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Thursday, 7 September 2017
REMINISCING REPOST: THE TOAD CAME HOME...
Cover illustration (E.H. Shepard) to 1960 Charles Scribner edition
Going by the numbers, quite a few of you liked seeing the cover to my The WIND In The WILLOWS paperback a couple of posts back. I therefore thought you might like to be reminded of how I first discovered that particular cover back in the early '70s, so have brushed down and dusted off this old post which recounts the details of the event in all its ever-loving glory.
A 1967 edition of the acclaimed classic
Are you all sitting comfortably? Good, then I'll begin. My first exposure (ooer, missus) to Kenneth Grahame's 'The Wind In The Willows' was the Disney cartoon 'short' of the same name. That wasn't the film's original title, which was 'The Adventures Of Ichabod And Mr. Toad', two animated tales combined in a single cinematic presentation. Singer Bing Crosby narrated the Ichabod portion and actor Basil Rathbone performed the vocal honours on the Mr. Toad one.
Later, they were re-released separately, and renamed after the books on which they were based. I saw TWITW at an inter-schools art competition prize-presentation (of which I was an entrant) in my local cinema on the afternoon of my very last day at primary school before the school holidays began. The movie was screened, the prizes awarded, and we were then returned to our schools at the end of the day to collect our schoolbags and jackets, and thereafter revel in eight whole weeks of summer fun before some of us started secondary school at the start of the new term.
It was on a lazy afternoon sometime in first year that I chanced upon the novel in the school library, as chalk dust floated languidly in the white glare of the sunlight which pierced the large curtained windows at the side of the room. I had enjoyed the cartoon (and recognized snippets of it from screenings of 'Disney Time' on TV one Christmas or other) so decided to read the book and promptly got it stamped out. It was certainly a good read, but it didn't make an overwhelming impression on me of the kind that one might expect from an acclaimed classic of literature. No, that would come later - and here's how it did.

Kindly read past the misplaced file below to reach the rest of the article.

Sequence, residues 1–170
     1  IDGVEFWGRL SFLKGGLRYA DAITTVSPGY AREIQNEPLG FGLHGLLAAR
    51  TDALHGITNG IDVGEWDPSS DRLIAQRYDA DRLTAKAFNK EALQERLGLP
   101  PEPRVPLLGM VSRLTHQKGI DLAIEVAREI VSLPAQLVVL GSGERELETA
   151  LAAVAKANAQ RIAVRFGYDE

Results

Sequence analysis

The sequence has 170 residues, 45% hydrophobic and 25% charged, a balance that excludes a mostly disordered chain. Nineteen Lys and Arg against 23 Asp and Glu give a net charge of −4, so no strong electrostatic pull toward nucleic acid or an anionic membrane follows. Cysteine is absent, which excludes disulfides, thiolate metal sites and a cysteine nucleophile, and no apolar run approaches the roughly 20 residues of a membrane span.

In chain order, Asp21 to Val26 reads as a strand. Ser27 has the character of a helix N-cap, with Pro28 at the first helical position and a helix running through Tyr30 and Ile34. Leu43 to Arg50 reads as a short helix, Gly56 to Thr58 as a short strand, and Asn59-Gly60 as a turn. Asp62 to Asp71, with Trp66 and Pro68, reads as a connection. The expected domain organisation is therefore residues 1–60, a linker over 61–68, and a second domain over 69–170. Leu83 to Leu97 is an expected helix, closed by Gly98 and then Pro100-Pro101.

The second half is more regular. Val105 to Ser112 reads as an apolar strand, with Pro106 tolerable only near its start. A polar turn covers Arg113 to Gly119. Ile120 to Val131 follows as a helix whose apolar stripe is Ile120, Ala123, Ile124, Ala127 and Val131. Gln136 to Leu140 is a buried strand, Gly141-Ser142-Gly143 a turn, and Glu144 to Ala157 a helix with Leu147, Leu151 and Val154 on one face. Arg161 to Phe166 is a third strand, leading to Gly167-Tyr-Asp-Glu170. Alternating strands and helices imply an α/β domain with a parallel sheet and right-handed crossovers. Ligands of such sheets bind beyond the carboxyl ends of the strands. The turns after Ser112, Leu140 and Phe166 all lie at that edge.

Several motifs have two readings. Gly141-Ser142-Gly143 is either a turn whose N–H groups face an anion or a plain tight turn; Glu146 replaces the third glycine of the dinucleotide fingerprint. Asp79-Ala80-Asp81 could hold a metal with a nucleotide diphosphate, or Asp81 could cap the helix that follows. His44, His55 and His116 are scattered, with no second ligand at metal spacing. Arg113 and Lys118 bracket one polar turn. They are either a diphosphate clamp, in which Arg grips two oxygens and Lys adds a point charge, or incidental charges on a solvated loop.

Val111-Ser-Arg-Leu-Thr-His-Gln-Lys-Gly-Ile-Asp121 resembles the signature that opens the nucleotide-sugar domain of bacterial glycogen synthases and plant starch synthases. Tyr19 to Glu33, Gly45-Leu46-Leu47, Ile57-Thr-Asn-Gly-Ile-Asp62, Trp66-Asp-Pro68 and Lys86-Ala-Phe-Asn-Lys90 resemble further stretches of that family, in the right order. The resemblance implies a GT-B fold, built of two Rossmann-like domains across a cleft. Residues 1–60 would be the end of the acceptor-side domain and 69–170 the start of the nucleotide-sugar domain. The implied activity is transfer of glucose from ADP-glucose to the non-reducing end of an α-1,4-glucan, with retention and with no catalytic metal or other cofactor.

I was in my local newsagent's one day in 1972 or mid- '73, and, on their paperback spinner-rack, was the book whose cover you see at the top of this post. There were two copies, one of which I bought solely because the cover illustration and the pristine, sharply-defined newness of the tome fascinated and appealed to me in some indefinable way. I had no intention of actually re-reading it - I merely wanted to gaze upon it, handle it, and luxuriate in its presence and the sheer joy of owning an item of such aesthetic perfection.
But then disaster struck! The next day I inadvertently dropped the book over the side of the settee and dunted a corner. The putrid portrait in Dorian Gray's attic could not have presented a more terrible vision of ugliness and imperfection as that one crushed corner which so transfixed my horrified attention. There was only one thing for it - to buy its twin with which it had recently shared a space in the spinner-rack of the shop from where I had purchased it. I had acquired the first copy on a Friday afternoon after school, so, at the first available opportunity - which was Sunday morning - I rushed to the newsagent's and took possession of the doppelganger destined to assume the place of its maimed and mutilated companion.
Now I had two copies - one at which to gaze longingly in rapt admiration and appreciation of its awesome appearance, and one to - what, exactly? Read? Well, why not? So that's precisely what I did! It was on that second reading that the scales fell from my eyes and the wonder and mysteries and sheer beauty of Mr. Kenneth Grahame's (and Ernest H. Shepard's) captivating classic captured my heart and soul forever. The River Bank, the Wild Wood, Toad, Ratty, Mole and Mr. Badger - and not forgetting the washerwoman, the pipes of Pan and the Stoats and the Weasels.
If you've never read The Wind In The Willows, do yourself a favour and do so before you die. As A. A. Milne (the author of Winnie The Pooh and Toad Of Toad Hall) once wrote: "When you sit down to it, don't be so ridiculous as to suppose that you are sitting in judgement on my taste, or on the art of Kenneth Grahame. You are merely sitting in judgement on yourself. You may be worthy: I don't know. But it is you who are on trial."